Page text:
Surprise, surprise! I may have been off galavanting around the globe this month, LOL, but I got my red scrap sewing homework done!  I’m joining up with Angela and the Rainbow Scrap Challenge gang for the Scrappy Saturday linkup and some red hot fun.

Before leaving for Africa on the 8th, I had sewn one of this month’s Squared Away blocks. Then this past week, I managed to sew a second one.


That completed all my regularly-scheduled red sewing, so I used my smaller scraps to sew up these ten crumb blocks, each measuring 6.5” (unfinished).


And that brings me to my Red Recap for July.


This month’s production included:
12 Selvage squares, 6.5”
2   Selvage squares, 4.5”
16 Quarter Log Cabins, 6.5”
6   Bow ties, 4.5”
1   Linked Squares, 16.5”
10 Crumb blocks, 6.5”
2   Squared Away blocks, 10.5”

For a total of 49 blocks.  

Before leaving on my trip, I also whipped out a cute little over-the-shoulder water bottle holder which came in handy for several days. I didn’t use a pattern, but just measured the water bottles - both my permanent aluminum container and a standard water bottle. Then I quilted a piece, sewed it in a cylinder, added a cross-body shoulder strap and boxed the bottom.


It came in very handy for carrying water, with my passport and money in my zip pouch around my waist. Totally hands-free. Until the dang money pouch zipper broke and our work days got longer and busier. So I switched to carrying a backpack instead, which carried everything (including my Maasai shuka blanket) for the day.  But I foresee lots more use of this holder in my future!

If you’re a casual Saturday reader of my blog, I’d just like to let you know that I’ve begun posting pictures and stories of my two-week trip to Kenya this month. The links are below.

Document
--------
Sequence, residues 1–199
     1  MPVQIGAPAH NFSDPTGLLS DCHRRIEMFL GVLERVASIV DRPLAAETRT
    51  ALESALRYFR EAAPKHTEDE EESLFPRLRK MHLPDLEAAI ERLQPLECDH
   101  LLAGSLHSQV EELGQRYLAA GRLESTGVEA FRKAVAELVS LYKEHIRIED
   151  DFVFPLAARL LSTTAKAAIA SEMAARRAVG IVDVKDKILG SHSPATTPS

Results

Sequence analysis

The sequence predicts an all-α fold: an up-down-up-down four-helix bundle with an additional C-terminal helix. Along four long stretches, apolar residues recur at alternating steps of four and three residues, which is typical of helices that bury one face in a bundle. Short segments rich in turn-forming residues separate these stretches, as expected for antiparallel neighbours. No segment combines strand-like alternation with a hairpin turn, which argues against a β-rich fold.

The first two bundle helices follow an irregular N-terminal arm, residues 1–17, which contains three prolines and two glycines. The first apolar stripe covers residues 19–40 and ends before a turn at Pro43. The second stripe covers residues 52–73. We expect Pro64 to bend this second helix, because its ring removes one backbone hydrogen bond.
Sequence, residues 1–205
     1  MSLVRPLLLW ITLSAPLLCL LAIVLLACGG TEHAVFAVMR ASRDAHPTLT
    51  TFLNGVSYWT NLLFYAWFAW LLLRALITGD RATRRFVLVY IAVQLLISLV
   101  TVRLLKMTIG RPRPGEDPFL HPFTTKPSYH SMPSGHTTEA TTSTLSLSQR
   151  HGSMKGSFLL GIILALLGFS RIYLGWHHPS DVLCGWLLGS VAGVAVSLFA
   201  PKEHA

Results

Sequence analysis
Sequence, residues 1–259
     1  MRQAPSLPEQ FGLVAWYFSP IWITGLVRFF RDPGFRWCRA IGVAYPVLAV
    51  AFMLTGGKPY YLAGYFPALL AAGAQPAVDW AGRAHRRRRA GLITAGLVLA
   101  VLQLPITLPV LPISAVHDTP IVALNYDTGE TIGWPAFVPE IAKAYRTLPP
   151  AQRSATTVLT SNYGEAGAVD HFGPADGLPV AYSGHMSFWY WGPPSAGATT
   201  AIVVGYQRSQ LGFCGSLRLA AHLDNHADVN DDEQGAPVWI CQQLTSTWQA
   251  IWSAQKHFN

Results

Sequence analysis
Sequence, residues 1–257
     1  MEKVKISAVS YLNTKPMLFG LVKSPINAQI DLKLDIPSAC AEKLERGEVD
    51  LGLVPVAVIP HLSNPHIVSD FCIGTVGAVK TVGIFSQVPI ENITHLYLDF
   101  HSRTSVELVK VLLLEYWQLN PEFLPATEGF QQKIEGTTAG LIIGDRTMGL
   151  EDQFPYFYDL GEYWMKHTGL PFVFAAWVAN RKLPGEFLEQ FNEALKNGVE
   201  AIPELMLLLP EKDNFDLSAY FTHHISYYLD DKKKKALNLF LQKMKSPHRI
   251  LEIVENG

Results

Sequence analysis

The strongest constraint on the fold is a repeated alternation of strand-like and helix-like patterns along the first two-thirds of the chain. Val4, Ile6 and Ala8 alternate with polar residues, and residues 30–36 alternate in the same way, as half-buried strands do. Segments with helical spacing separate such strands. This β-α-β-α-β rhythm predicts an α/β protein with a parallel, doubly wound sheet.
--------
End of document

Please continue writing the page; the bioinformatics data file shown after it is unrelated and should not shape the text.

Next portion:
PART 1:  Nairobi Elephant Orphanage, The Escarpment, Travel to Narok
PART 2:  Tenkes School in the Mau Forest and an Honorary Feast
PART 3:  Days for Girls and Lunch at a Mud Hut Farm

Maasai elders preparing nyama choma

I’ll be continuing the stories next week.  Thanks for dropping by!
Friday, July 27, 2018

A Days for Girls Workday and a Special Luncheon

Our days were filled to the brim with activity from dawn until evening. At this point of our trip, about the third or fourth day, my DGD Lauren and I found it nearly impossible to keep up with our written journals. Luckily, everyone in the group was taking pictures, and we’ve been sharing them in our private Facebook group. While all the photos in the first two posts are my own, from here on out I’ll be adding pictures taken by others as well. We all agreed to share, which is awesome, because a couple of the ladies in our group are accomplished photographers and their safari pictures are amazing. But I’m getting ahead of myself.

On this day, we had three items on our itinerary.